Wednesday, October 7, 2015
Reefer madness or state law sanity?: Ohio AG sues Toledo after passage of local marijuana decriminalization measure
As noted in this prior post, last month Toledo voters overwhelmingly passed a measure to decriminalize marijuana in the city by reducing penalties for the drug to the minimum allowed by state law and repealing penalties for possessing small amounts of marijuana. But now, as reported in this new Toledo Blade article, headlined "Ohio sues city over marijuana ordinance: Attorney general sees state conflict," Ohio's top state lawyer believes it is necessary to sue the city to block some aspects of what the local voters' approved. Here are the basics:
The Ohio Attorney General’s Office filed suit Tuesday against the city of Toledo, asking a judge to declare invalid several key sections of the city’s new “Sensible Marihuana Ordinance.”
The legal challenge in Lucas County Common Pleas Court claims several portions of the voter-approved Toledo law, including restricting fines and incarceration for marijuana possession, contradict Ohio law. Lucas County Prosecutor Julia Bates and Sheriff John Tharp joined Attorney General Mike DeWine in the lawsuit.
Voters last month approved a measure reducing penalties in Toledo Municipal Code for all marijuana-related crimes to no fines or jail time. They also supported stopping city police from reporting the convictions to state authorities.
Although it is unfortunate to oppose the will of a majority of voters, significant portions of this law are “clearly unconstitutional,” Mr. DeWine said. He announced the legal action during a news conference at One Government Center.
Mr. DeWine discussed a seizure last month by the Ohio Highway Patrol in Lucas County that found 226 pounds of marijuana. If the motorists had been charged through this Toledo ordinance, neither would be incarcerated or fined. “Such a scenario is completely unacceptable, and it violates the Ohio Constitution,” Mr. DeWine said.
Mr. DeWine said this lawsuit does not seek to dismiss the entire measure, but the portions that contradict state law. Ohio’s constitution allows cities to adopt and enforce local regulations if they do not conflict with the state, according to the complaint. Police are empowered to arrest suspects in their municipality found breaking state law, the lawsuit states. “Municipal drug ordinances are police power regulations, and drug statutes duly enacted by the state of Ohio are laws of general application throughout the state,” the suit states.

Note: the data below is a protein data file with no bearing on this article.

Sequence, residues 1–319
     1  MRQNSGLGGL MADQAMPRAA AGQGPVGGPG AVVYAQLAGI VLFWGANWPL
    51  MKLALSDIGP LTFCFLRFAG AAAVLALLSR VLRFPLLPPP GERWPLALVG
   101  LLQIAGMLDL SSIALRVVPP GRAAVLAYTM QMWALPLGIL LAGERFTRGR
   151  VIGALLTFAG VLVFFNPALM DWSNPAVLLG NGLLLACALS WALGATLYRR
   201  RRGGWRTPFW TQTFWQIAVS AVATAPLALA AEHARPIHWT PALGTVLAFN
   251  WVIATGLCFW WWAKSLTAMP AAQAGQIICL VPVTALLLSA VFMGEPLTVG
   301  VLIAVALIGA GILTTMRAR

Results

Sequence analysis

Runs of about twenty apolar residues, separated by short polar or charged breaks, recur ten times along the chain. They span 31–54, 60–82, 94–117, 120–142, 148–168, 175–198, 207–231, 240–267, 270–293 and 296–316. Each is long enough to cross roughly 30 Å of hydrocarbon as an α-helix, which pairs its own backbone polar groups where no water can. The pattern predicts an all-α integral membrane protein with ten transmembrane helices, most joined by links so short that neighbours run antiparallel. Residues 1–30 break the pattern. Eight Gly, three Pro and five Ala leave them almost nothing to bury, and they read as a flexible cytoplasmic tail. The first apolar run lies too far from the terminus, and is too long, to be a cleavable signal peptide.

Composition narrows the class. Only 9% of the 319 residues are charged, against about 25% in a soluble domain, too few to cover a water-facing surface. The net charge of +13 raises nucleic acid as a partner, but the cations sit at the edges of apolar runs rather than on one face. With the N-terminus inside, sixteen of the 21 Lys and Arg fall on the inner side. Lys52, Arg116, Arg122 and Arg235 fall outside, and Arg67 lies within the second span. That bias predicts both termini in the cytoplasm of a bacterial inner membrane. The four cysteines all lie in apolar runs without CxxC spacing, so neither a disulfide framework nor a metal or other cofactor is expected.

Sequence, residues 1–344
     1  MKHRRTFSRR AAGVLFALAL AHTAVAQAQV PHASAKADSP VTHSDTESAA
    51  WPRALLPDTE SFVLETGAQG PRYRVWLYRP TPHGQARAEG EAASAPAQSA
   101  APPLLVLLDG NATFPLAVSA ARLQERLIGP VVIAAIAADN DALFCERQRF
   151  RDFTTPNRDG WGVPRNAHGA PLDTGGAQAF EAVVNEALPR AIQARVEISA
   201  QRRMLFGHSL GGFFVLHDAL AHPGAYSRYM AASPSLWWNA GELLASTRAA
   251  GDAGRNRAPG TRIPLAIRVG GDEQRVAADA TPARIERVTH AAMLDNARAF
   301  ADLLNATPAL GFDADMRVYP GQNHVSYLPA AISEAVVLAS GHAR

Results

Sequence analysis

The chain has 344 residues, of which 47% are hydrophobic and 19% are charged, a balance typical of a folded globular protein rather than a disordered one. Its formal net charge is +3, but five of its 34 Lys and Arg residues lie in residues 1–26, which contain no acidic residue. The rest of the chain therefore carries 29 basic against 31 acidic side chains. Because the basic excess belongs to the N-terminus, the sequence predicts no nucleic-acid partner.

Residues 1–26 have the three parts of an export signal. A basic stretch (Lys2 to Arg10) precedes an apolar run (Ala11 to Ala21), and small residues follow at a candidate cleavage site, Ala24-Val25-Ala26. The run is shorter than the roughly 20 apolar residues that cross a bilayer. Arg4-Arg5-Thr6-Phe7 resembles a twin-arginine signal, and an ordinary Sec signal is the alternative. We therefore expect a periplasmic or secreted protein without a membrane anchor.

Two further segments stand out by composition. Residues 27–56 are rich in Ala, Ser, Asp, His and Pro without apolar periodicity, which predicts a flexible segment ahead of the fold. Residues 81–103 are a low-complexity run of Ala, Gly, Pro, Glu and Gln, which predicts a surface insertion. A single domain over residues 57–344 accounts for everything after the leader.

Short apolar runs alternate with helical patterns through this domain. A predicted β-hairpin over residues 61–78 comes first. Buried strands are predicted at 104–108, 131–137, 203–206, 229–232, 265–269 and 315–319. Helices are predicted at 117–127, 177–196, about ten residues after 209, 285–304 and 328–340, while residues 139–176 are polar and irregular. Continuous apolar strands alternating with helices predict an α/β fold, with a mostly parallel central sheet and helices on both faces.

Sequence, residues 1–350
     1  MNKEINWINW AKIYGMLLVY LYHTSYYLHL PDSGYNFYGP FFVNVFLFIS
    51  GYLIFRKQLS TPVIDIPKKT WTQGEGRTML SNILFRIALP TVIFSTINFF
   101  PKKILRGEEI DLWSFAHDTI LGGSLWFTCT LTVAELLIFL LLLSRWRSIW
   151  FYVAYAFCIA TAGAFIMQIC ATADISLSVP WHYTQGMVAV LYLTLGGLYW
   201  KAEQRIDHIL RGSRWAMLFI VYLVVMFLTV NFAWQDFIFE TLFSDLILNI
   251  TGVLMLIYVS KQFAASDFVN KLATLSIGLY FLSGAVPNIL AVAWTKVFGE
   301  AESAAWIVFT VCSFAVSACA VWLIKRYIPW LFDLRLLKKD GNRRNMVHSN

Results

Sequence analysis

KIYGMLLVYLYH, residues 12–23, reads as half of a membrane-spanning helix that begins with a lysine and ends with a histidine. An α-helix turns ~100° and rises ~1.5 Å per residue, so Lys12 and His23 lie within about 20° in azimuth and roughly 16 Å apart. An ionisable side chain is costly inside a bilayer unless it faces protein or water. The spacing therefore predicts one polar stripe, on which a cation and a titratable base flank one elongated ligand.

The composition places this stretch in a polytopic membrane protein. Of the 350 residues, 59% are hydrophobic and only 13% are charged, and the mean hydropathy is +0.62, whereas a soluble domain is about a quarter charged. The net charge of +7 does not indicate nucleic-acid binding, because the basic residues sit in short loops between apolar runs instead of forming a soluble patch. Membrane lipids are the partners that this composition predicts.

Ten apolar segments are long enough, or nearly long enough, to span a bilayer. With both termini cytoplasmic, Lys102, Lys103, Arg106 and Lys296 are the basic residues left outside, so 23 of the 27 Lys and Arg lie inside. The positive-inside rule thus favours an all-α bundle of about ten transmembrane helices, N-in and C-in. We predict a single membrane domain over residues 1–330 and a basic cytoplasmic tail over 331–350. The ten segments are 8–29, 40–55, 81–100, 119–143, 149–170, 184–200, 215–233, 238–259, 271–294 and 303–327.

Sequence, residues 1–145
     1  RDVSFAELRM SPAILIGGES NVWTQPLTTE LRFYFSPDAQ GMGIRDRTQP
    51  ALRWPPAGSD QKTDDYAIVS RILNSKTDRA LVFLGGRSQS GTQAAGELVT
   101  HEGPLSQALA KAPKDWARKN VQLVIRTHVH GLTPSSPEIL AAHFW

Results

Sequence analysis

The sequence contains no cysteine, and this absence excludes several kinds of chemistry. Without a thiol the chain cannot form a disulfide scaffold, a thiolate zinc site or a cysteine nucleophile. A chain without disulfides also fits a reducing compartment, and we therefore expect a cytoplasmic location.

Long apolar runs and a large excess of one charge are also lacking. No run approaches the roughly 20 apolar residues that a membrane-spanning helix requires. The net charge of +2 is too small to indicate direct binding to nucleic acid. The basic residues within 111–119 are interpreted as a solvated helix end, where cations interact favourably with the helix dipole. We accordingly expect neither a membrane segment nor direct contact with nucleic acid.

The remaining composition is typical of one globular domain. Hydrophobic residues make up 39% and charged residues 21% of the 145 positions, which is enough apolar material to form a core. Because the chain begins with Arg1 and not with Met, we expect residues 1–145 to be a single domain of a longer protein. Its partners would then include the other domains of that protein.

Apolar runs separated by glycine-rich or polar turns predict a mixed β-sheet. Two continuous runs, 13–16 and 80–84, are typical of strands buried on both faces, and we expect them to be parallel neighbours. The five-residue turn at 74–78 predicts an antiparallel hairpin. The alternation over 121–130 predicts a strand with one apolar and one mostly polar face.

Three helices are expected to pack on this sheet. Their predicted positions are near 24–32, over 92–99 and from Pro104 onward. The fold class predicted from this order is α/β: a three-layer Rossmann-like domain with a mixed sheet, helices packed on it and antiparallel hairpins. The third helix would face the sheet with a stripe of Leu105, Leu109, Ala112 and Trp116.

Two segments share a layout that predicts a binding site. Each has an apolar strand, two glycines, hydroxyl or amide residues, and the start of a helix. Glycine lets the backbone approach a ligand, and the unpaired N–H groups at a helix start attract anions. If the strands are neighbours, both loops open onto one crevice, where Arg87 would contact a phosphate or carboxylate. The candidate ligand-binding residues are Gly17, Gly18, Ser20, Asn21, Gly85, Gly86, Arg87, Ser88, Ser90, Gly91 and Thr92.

The lawsuit specifically names a “gag rule” in the ordinance that says city police and the law director may not report for prosecution under state law any marijuana or hashish offense to an authority besides the law director. The prosecution would be left pursuing a misdemeanor case in Toledo Municipal Court under a law claiming to abolish incarceration, fines, and probation. “The city of Toledo is not empowered to establish or amend Ohio felony law. And municipal authorities are not authorized to prosecute felony offenses under state law,” according to the suit.
When asked during the news conference why Mr. DeWine’s office did not intervene prior to the vote, he said that he did not believe “anyone was aware of everything that was in there.”
City officials were not surprised by the lawsuit. Adam Loukx, Toledo law director, said there were concerns about its potential contradictions with state law, but he will defend the voters’ choice. “It’s only appropriate a court would be the one to decide that,” Mr. Loukx said. Mr. Loukx said he recently obtained a copy of the lawsuit and could not yet say what would remain of the law if Mr. Dewine is successful.
Sean Nestor, campaign manager for the Sensible Marihuana initiative that promoted the ballot measure, said the group expected a legal challenge. When they were crafting the ordinance, organizers studied other successful decriminalization measures in Ohio and Michigan, he said. “We used laws that had survived court challenges,” he said.
Mr. Nestor said his group is ready to work with city officials to defend the measure in court. While the case remains pending, Mr. Loukx said a Toledo police officer who finds a resident possessing marijuana could cite the suspect under Ohio Revised Code. The officer also might be permitted to charge under Toledo Municipal Code as well, Mr. Loukx said. “At this point, a lot of it will be in the discretion of the officer,” he said.
Because I am not an expert on local government law, I am going to need to read the full lawsuit filed by Attorney General DeWine [which is available here] before commenting on its merits. But I can say at the outset that I suppose I am pleased to learn that other crimes and legal concerns in the state of Ohio are so low that the AG's office had ample time to focus on what (I would hope) is a relatively low-level concern for state official.